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How To View and Update the Linux PATH Environment Variable

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How To View and Update the Linux PATH Environment Variable

Introduction

Command-line programmes may only be launched in their installation directory. PATH lets you run command-line programmes from any directory.

The PATH variable lists folders checked before executing an operation. By updating PATH, you can execute executables from any directory without inputting the absolute file path.

Instead of typing:

To View and Update the Linux PATH Environment Variable please follow the below steps that will help you to increase you knowledge..

# /usr/bin/python3

You can type this in its place because the PATH variable includes the /usr/bin directory:

# python3 

Priority directories are listed first.

This lesson updates the PATH variable.

Step.1 Taking a Look at the PATH Variable

#echo $PATH

Unmodified PATH looks like this (file paths may vary by system):

Output
/usr/local/sbin:/usr/local/bin:/usr/sbin:/usr/bin:/sbin:/bin:/usr/local/games:/usr/games

PATH includes some default directories, each separated by a colon :. The system checks these folders from left to right when launching an application.

When a command-line programme isn't in any of the specified folders, you may need to add it to PATH.

Step.2 Setting the PATH environment variable to include a directory

A directory can be added to PATH at the beginning or end.

Adding a directory to PATH will make it checked first (/the/file/path, for example).

# export PATH=/the/file/path:$PATH 

Putting a directory at the end of PATH means it will be checked last.

# export PATH=$PATH:/the/file/path 

Multiple directories can be added to PATH by using a colon:

# export PATH=$PATH:/the/file/path:/the/file/path2 

Once the export command is executed, you can view the PATH variable to see the changes:

# export PATH=$PATH:/the/file/path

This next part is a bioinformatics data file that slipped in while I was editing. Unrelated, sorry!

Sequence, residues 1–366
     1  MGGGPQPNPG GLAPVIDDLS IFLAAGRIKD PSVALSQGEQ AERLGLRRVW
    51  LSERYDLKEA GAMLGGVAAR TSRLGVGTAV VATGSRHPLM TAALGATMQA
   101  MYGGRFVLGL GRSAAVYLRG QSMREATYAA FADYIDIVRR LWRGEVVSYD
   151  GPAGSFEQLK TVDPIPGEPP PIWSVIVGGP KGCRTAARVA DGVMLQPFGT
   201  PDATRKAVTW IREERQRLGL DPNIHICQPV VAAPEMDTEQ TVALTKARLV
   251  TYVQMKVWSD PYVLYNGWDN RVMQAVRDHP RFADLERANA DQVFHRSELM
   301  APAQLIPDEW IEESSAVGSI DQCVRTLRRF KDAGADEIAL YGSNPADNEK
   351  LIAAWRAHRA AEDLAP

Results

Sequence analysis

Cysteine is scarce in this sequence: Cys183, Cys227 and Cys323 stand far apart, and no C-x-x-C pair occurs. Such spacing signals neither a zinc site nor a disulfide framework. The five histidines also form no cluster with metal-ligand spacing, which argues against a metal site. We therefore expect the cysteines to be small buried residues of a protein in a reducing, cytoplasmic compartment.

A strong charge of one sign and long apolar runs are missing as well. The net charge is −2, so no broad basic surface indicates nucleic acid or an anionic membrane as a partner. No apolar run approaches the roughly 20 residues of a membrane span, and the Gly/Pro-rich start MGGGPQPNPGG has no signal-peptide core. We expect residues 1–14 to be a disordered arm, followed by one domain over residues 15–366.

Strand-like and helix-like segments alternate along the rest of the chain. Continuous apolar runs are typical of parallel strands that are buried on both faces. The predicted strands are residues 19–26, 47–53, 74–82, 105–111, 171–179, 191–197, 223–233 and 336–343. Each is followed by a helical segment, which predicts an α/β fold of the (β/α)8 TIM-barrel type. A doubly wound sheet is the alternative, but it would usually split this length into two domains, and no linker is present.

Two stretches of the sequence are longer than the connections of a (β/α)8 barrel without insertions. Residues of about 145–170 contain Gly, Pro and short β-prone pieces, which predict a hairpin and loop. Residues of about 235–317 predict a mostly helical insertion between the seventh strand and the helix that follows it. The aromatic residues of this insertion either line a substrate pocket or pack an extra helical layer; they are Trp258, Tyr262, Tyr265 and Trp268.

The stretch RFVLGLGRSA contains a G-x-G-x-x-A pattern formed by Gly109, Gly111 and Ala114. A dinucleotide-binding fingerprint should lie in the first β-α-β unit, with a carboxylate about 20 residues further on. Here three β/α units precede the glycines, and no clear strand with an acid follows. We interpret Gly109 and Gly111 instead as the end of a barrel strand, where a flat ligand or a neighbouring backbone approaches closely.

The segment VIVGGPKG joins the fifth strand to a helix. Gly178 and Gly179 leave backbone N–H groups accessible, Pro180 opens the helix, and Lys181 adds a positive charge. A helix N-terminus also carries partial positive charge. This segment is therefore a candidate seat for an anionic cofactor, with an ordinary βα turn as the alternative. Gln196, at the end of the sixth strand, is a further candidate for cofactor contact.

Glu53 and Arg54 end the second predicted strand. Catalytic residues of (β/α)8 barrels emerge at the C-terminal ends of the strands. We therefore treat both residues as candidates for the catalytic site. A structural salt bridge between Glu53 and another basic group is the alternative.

# echo $PATH 

You'll get something like this:

# Output
/usr/local/sbin:/usr/local/bin:/usr/sbin:/usr/bin:/sbin:/bin:/usr/local/games:/usr/games:/the/file/path

Only the current shell session can use this method. Once you exit and restart, the PATH variable will reset to its default value and no longer contain the added directory. PATH must be stored in a file to persist across shell sessions.

Step .3 Adding a directory to PATH
In this step, you'll add a directory to the shell configuration file, which is either /.bashrc or /.zshrc, depending on the shell you're using. In this guide, /.bashrc will be used as an example.

First, open the file called /.bashrc:

# nano ~/.bashrc 

/.bashrc has existing info you won't change. At the bottom of the file, add your new directory:

# export PATH=$PATH:the/file/path 

Use the methods in the previous section to specify whether the new directory should be checked first or last.

Close the file. A fresh shell session will alter the PATH variable. Source command applies modifications to current session.

# source ~/.bashrc 

You can add new directories by opening this file and attaching colon-separated directories to the export command.

 

Hope you have understand the above steps to View and Update the Linux PATH Environment Variable..

 

Must read:- https://www.microhost.com/docs/tutorial/cheat-sheet-for-15-nmcli-commands-in-linux-rhel-centos/

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